Gill v. Whitford

Facts of the Case

Members of the Wisconsin Legislature are elected from single-member legislative districts. Under the Wisconsin Constitution, the legislature must redraw the boundaries of those districts following each census. After the 2010 census, the legislature passed a new districting plan known as Act 43. Twelve Democratic voters, the plaintiffs in this case, alleged that Act 43  harms the Democratic Party’s ability to convert Democratic votes into Democratic seats in the legislature. They asserted that Act 43 does this by “cracking” certain Democratic voters among different districts in which those voters fail to achieve electoral majorities and “packing” other Democratic voters in a few districts in which Democratic candidates win by large margins. The plaintiffs argued that the degree to which packing and cracking has favored one political party over another can be measured by an “efficiency gap” that compares each party’s respective “wasted” votes—, votes cast for a losing candidate or for a winning candidate in excess of what that candidate needs to win—across all legislative districts. The plaintiffs claimed that the statewide enforcement of Act 43 generated an excess of wasted Democratic votes, thereby violating the plaintiffs’right of association and theirright to equal protection. The defendants, several members of the state election commission, moved to dismiss the plaintiffs’ claims. They argued that the plaintiffs lacked standing to challenge the constitutionality of Act 43 as a whole because, as individual voters, their legally protected interests extend only to the makeup of the legislative district in which they vote. The three-judge District Court denied the defendants’ motion and, following a trial, concluded that Act 43 was an unconstitutional partisan gerrymander. Regarding standing, the court held that the plaintiffs had suffered a particularized injury to their equal protection rights.


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“The plaintiffs failed to demonstrate Article III standing, so there is no need to resolve any of the questions presented. In a unanimous decision authored by Chief Justice John Roberts, the Court sidestepped (for now) all of the key issues regarding partisan gerrymandering, resolving the case instead on the technical issue of judicial standing. For a plaintiff to bring a case in federal court, she must have Article III standing, which requires showing three elements, one of which is “injury in fact.” To show injury in fact, a plaintiff must show that she has suffered “invasion of a legally protected interest” that is “concrete and particularized.” In this case, the Court found that the plaintiffs alleged but did not prove individual harms, providing evidence instead only of statewide harms of alleged partisan gerrymandering. The Court thus vacated the judgment of the district court and remanded for further proceedings.Justice Clarence Thomas filed an opinion concurring in part and concurring in the judgment, in which Justice Neil Gorsuch joined. Justices Thomas and Gorsuch did not join the majority with respect to the decision to remand the case and allow the plaintiffs a second chance to prove standing and thus wrote separately to express this disagreement with the disposition.Justice Elena Kagan filed a concurring opinion in which Justices Ruth Bader Ginsburg, Stephen Breyer, and Sonia Sotomayor joined. Justice Kagan agreed with the findings and conclusions of the Court but wrote separately, in essence, to describe how the plaintiffs might proceed upon remand. Justice Kagan suggests that the plaintiffs might present more than simply a vote dilution theory, but also an infringement of their First Amendment right of association. Such a claim, according to Justice Kagan, would not require the plaintiffs to show injury-in-fact in the form of injury to her particular voting district because that claim would be statewide in nature. She predicts that partisan gerrymandering “injures enough individuals and organizations in enough concrete ways . . . that standing requirements, properly applied, will not often or long prevent courts from reaching the merits of cases like this one.””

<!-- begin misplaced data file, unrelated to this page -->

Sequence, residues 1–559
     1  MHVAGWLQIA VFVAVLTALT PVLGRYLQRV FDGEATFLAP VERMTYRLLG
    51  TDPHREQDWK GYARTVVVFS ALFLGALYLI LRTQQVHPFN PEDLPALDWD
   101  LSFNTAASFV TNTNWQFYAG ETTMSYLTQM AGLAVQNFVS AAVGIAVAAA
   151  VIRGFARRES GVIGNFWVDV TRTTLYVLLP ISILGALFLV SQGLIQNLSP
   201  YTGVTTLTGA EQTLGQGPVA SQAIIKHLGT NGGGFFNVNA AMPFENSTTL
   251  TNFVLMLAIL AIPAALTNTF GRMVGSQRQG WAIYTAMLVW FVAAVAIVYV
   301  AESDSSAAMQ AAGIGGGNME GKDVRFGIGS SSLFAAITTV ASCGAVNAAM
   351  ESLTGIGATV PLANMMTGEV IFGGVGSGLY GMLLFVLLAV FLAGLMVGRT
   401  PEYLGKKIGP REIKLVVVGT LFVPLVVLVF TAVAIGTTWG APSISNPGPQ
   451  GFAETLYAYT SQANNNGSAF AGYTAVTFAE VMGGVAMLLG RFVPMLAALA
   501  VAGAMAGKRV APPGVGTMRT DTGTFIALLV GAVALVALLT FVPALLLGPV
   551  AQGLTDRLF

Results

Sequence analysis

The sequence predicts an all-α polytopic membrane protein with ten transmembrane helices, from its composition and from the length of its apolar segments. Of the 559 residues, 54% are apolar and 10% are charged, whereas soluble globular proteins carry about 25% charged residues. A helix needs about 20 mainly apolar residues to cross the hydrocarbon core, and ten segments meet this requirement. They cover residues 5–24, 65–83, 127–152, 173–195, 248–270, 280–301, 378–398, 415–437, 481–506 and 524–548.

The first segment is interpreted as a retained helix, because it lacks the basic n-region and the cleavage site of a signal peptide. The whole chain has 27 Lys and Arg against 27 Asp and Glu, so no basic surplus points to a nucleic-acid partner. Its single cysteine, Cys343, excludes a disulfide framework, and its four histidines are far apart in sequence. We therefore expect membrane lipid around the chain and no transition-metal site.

Case Information

Citation: 585 US (2018) Juris Postponed Jun 19, 2017
Argued: Oct 3, 2017
Decided: Jun 18, 2018
Case Brief: 2018